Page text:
Similarly, the ownership prong under the Proposed Rule is broader than under the CDD rule. While under both rules there can be anywhere between zero and four beneficial owners, depending on the distribution of ownership within the company, the Proposed Rule considers a wider range of assets in determining levels of ownership. Whereas the CDD rule only considers equity interests, the term "ownership interests" under the Proposed Rule includes equity interests as well as other interests, such as, for example, capital or profit interests, convertible instruments, warrants or rights, or other options or privileges to acquire equity, capital or other interests in a reporting company. While the Proposed Rule contemplates a calculation whereby an individual's ownership interests across all categories would be compared to the "undiluted ownership interests of the company," FinCEN is seeking comments on the approach to calculating the 25% threshold across different categories of ownership interests, as companies may face practical challenges in performing this calculation.

Exceptions to Definition of Beneficial Owners

The Proposed Rule further describes five exceptions to the definition of beneficial owners that had been outlined by the CTA. These are: (1) a minor child; (2) an individual acting as a nominee, intermediary, custodian or agent on behalf of another individual; (3) an employee of a reporting company, acting solely as an employee and not as senior officer, whose substantial control over or economic benefits from such entity are derived solely from the employment status of the employee; (4) an individual whose only interest in the reporting company is a future interest through a right of inheritance; and (5) a creditor of a reporting company.

Who Is a Company Applicant?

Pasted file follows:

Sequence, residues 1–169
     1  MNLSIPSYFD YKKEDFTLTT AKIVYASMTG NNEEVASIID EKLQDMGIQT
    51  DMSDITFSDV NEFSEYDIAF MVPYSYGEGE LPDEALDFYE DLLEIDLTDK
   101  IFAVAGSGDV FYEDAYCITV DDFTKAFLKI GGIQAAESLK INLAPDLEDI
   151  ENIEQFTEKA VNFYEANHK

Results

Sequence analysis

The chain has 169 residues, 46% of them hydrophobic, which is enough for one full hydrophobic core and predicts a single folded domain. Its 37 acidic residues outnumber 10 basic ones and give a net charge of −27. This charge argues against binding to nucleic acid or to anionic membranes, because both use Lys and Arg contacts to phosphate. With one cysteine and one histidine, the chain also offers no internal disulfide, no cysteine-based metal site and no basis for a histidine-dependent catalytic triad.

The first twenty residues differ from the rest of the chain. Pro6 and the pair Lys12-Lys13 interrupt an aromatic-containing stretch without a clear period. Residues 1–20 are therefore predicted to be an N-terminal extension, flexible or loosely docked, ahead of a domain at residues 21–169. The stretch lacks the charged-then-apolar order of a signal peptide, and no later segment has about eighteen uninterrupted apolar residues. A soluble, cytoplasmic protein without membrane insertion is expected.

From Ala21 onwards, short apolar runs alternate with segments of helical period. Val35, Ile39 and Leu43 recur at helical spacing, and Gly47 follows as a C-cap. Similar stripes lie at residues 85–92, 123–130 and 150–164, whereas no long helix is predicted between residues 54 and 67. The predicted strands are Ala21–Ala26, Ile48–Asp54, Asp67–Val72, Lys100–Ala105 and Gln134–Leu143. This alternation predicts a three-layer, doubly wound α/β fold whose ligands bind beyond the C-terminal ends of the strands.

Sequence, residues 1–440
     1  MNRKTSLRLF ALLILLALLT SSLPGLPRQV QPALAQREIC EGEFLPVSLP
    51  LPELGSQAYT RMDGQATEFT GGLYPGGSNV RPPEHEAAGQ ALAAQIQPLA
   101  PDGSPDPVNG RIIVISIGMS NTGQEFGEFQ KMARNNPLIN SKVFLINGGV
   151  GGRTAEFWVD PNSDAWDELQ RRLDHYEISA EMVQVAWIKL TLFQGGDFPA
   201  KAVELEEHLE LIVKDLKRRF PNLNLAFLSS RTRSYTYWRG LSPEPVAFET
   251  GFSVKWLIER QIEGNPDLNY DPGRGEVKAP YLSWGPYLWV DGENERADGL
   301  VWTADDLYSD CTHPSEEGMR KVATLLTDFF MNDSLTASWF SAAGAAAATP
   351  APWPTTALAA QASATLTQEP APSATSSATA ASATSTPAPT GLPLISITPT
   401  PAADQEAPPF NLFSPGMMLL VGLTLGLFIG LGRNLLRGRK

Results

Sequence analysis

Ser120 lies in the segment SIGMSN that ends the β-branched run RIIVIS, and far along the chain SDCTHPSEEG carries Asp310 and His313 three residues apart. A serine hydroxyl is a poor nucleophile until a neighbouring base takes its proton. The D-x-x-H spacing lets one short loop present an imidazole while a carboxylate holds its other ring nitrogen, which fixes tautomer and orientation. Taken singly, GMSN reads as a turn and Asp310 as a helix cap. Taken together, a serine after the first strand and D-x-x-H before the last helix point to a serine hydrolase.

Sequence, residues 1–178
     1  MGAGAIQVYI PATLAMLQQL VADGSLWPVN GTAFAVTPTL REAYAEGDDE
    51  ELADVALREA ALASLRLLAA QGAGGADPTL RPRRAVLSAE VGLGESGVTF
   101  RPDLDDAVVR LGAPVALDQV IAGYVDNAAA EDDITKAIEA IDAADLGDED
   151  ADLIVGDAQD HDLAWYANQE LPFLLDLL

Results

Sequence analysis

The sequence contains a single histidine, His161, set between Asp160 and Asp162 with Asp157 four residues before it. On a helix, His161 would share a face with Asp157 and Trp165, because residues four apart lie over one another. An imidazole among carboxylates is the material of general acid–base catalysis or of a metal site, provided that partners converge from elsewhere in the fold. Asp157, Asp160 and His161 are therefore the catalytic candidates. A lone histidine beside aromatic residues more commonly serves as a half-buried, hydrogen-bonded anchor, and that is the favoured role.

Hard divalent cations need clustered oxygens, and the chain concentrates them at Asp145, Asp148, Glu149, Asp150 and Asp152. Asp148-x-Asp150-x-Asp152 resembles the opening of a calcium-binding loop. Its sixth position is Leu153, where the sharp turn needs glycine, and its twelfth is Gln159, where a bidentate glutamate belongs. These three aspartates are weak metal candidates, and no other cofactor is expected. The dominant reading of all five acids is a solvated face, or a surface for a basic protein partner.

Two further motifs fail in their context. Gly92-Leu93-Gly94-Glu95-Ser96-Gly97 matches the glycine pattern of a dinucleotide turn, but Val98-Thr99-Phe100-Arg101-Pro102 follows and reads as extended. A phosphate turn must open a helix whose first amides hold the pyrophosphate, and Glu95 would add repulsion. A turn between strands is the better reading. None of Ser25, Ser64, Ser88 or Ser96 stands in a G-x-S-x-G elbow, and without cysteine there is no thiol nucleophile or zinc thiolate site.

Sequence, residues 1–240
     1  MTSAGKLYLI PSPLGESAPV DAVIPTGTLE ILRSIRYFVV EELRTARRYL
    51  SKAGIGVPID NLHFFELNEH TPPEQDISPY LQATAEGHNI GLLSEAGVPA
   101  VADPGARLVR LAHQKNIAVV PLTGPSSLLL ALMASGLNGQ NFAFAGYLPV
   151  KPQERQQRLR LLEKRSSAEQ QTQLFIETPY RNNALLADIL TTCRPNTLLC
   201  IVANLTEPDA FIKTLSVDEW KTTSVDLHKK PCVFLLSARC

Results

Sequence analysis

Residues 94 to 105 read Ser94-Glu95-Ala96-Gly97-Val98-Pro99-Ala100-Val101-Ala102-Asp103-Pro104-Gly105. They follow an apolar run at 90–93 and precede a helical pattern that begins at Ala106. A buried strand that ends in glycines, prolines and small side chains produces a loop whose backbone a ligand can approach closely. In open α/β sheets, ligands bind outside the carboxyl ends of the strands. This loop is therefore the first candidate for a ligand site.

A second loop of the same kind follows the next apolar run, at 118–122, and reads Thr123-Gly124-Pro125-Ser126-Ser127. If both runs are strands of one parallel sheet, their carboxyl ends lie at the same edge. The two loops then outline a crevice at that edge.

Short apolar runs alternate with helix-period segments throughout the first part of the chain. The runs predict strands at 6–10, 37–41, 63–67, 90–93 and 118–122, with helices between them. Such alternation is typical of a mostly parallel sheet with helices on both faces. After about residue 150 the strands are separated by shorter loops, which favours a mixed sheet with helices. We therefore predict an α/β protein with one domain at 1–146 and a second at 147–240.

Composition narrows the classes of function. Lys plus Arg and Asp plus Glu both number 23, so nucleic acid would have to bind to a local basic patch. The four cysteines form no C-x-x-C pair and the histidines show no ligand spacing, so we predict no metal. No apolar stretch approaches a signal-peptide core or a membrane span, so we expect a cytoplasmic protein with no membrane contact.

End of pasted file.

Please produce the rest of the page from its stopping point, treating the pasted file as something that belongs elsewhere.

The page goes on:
Moreover, the Proposed Rule defines who is a company applicant. In the case of a domestic reporting company, a company applicant is the individual who files the document that forms the entity. In the case of a foreign reporting company, a company applicant is the individual who files the document that first registers the entity to do business in the United States. The Proposed Rule specifies that a company applicant includes anyone who directs or controls the filing of the document by another.

Reporting Timeframes

Under the Proposed Rule, reporting companies created or registered to do business in the United States before the effective date of the final rule would have one year from the effective date to file their initial report with FinCEN.6 Reporting companies created or registered to do business in the U.S., for the first time, on or after the effective date would be required to file their initial report with FinCEN within 14 calendar days of the date on which they are created or registered, respectively. If there is a change in the information previously reported to FinCEN, reporting companies would have 30 calendar days to file an updated report. Finally, if a reporting company filed information that was inaccurate at the time of filing, the reporting company would have to file a corrected report within 14 calendar days of the date it knew, or should have known, that the information was inaccurate.